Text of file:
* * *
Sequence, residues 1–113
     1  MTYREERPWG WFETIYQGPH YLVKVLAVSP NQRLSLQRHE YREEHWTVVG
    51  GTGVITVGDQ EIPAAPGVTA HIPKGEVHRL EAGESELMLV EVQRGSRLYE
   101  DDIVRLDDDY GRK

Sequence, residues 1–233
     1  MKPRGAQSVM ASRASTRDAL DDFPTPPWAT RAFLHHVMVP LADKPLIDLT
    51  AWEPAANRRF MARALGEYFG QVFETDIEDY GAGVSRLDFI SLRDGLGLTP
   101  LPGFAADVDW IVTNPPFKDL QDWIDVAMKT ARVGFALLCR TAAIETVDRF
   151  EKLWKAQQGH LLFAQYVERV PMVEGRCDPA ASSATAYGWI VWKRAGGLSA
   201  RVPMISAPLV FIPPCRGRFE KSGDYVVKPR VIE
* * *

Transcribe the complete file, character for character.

Sequence, residues 1–113
     1  MTYREERPWG WFETIYQGPH YLVKVLAVSP NQRLSLQRHE YREEHWTVVG
    51  GTGVITVGDQ EIPAAPGVTA HIPKGEVHRL EAGESELMLV EVQRGSRLYE
   101  DDIVRLDDDY GRK

Sequence, residues 1–233
     1  MKPRGAQSVM ASRASTRDAL DDFPTPPWAT RAFLHHVMVP LADKPLIDLT
    51  AWEPAANRRF MARALGEYFG QVFETDIEDY GAGVSRLDFI SLRDGLGLTP
   101  LPGFAADVDW IVTNPPFKDL QDWIDVAMKT ARVGFALLCR TAAIETVDRF
   151  EKLWKAQQGH LLFAQYVERV PMVEGRCDPA ASSATAYGWI VWKRAGGLSA
   201  RVPMISAPLV FIPPCRGRFE KSGDYVVKPR VIE